Now that the first Sugar Shack inside the District has taken hold, the chefs and bartenders at the budding restaurant group’s original speakeasy are raring to unveil a companion cocktail haven specifically designed as a pre- and post-dinner destination for discerning drinkers.
Once it comes online beneath the new doughnut shop in Shaw, Nocturne is projected to mix drinks for around 50 customers a night at its subterranean bar. The tightly knit space, housing just 17 seats, is inspired by “The Abandoned Apartment in Paris,” a cocktail featured on the opening menu at sibling Captain Gregory’s in Alexandria, Virginia.
Unlike its predecessor, which has grown to include intricate tasting menus, Nocturne plans to mainly focus on liquid refreshments.
“From the beginning this was intended as a bartender show,” Brandon McDermott, executive chef at Captain Gregory’s and soon-to-open Nocturne, tells Eater about the latest venture. While he and chef de cuisine Kyle Knox have composed a handful of small plates (more on that in a moment) to complement beverage orders, McDermott envisions Nocturne as being a launchpad for an evening or the place to enjoy a nightcap rather than the main event. “A place to get away,” is how he describes it.
The bar will offer three- or five-drink flights — think: Light to heavy; Bitter to sweet; Multiple expressions of the same drink (Old Fashioned, Gin and Tonic, etc.) showcasing different spirits — which can be constructed from the three dozen (or so) specialty cocktails the bar crew is working up for Nocturne. Tasting menu drinks are projected to feature three-quarter pours (versus a whole ounce) so as not to overwhelm those opting for an extended journey.
Sugar Shack founder Rob Krupicka says a la carte drinks will become available for post-flight customers; He is also working on prix fixe packages bundling together cocktails, wine, beer, and food (stay tuned for more about the “all-inclusive” offerings).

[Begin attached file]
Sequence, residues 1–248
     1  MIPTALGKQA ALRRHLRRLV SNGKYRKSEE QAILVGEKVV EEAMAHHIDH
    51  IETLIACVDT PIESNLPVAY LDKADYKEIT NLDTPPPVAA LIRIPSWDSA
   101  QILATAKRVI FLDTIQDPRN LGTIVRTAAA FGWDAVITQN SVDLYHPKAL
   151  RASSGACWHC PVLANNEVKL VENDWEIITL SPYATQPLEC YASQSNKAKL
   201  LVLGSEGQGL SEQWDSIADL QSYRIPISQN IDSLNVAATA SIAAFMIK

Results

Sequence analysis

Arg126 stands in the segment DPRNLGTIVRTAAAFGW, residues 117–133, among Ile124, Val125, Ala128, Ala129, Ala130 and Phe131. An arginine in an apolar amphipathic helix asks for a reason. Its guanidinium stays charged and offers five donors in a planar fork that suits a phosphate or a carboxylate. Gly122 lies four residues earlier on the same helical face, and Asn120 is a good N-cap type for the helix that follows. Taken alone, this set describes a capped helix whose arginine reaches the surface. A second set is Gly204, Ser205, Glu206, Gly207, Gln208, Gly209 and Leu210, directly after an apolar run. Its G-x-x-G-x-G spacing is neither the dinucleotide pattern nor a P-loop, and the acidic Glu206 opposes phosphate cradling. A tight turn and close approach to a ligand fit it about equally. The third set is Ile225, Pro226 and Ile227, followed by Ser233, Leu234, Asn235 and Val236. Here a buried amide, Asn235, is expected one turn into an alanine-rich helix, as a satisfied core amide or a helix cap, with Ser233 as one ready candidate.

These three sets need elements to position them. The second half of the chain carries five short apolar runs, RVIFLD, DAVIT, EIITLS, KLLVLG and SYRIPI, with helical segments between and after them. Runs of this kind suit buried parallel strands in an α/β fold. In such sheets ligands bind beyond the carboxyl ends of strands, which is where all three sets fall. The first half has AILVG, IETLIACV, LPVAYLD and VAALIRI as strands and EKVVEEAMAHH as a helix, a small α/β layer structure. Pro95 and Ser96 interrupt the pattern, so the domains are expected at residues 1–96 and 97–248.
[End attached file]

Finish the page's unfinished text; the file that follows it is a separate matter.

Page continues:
McDermott says there should be three bartenders on hand at all times; maintaining a 6-to-1 ratio is essential to fostering personal interaction between staff and the clientele. He compares it to the the expert guidance he’s received from wine pro Brent Kroll’s all-sommelier team at newcomer Maxwell Park.
In fact, Nocturne bartenders Julian Garcia, Chris Jakubowski, and Young Yu workshopped some tentative drink offerings this past weekend at Captain Gregory’s.
According to Krupicka, attention to detail and quality ingredients are crucial elements of Nocturne. Over-the-top presentations: not so much.
“We don’t do a lot of showy, magic trick drinks,” he tells Eater.
Certain snacks, however, do involve some degree of showmanship.
Smoked salmon belly rillette, duck liver pate, single-bite Chartreuse marshmallows, and root beer-flavored pudding with smoked whipped cream, malted milk crumble and crunchy peanut butter bits will be delivered to patrons via custom jewel boxes and miniature Mason jars. Then there’s the “after dark” doughnuts supplied by the bakery up above. One idea McDermott floated was for a chocolate stout-glazed selection crafted from the Kick-Kick-Snare made by Right Proper Brewing Company. “It has a very floral kind of tartness to it,” McDermott says of the dry hopped wheat ale. Another potential offering is a seasonally inspired apple cider doughnut.
Krupicka is still ironing out what, exactly, Nocturne visitors will have to do to gain access to the secret elevator leading down to the bar — no doubt, social media will be involved, so keep an eye on Nocturne’s Facebook and Twitter feeds — but reservations will be handled by Open Table. As of now, two-hour seatings will be available between 5:30 p.m. and 6 p.m., 7:30 p.m. to 8 p.m., and 9:30 p.m. to 10 p.m., Tuesday through Thursday, with an additional slot sliding into place from 11:30 p.m. to midnight on Friday and Saturday. A spokeswoman says walk-ins will be welcome, space permitting, from 5:30 p.m. to 10:30 p.m., Tuesday through Thursday, and from 5:30 p.m. to 12:30 am., Friday and Saturday.